The paper claims its First Amendment rights were violated.
Louisville circulated a memo on the issue from Jeramy Michiaels, the NCAA's manager of broadcasting, before Friday's first super-regional game. It said blogs are considered a "live representation of the game" and that any blog containing action photos or game reports would be prohibited.
What next, the NCAA bans cell phone conversations about its games?
UPDATE: The New York Times says a First Amendment rights case is brewing.
The eviction of a newspaper reporter from a baseball press box for blogging about a game while it was in progress has stirred a debate about First Amendment rights, intellectual property rights and contract law.
The National Collegiate Athletic Association, which on Sunday ejected Brian Bennett of The Courier-Journal of Louisville, Ky., during the Louisville-Oklahoma State game at Jim Patterson Stadium in Louisville, contends it is merely enforcing long-established principles as they apply to a new technology.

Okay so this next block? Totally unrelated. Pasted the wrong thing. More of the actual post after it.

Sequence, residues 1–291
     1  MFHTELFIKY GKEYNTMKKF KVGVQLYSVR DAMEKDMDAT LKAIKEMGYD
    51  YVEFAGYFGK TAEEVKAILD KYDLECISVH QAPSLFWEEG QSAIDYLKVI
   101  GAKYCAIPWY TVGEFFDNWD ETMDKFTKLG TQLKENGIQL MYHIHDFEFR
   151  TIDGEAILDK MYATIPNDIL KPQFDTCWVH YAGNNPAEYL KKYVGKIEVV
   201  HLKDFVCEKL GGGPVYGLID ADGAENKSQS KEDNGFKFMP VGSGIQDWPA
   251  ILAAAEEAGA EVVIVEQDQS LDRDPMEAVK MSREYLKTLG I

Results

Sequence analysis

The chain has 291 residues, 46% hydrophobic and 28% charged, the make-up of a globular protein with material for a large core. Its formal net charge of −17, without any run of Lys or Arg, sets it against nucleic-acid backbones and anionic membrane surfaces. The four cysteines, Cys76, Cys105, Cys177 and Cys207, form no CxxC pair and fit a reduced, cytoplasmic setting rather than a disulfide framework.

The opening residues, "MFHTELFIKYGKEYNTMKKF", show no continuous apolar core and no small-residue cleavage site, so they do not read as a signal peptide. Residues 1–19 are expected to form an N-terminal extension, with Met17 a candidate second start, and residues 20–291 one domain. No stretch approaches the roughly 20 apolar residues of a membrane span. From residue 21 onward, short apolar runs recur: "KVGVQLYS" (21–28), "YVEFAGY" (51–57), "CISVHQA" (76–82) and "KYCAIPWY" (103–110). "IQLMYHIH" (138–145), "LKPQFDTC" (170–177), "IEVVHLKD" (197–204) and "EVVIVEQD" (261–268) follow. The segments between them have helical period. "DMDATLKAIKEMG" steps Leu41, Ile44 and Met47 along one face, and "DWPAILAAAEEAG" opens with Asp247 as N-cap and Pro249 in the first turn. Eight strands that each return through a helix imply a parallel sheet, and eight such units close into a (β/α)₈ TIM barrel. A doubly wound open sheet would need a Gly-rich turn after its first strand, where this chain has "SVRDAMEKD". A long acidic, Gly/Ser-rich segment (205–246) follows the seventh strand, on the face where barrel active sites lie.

But the newspaper is weighing a legal challenge on First Amendment grounds — the right to free speech as it applies to reporting news in a public place.
Jon Fleischaker, a lawyer representing The Courier-Journal, said yesterday that such a challenge might be made, within the next 10 days, because the event took place at a public facility and because the eviction was enforced by the University of Louisville, a public institution that was the host university.
“We’re just not sure whether there is enough official state action to properly be able to say there’s a First Amendment claim,” Fleischaker said in a telephone interview. “We’re doing some work to see who’s on first.”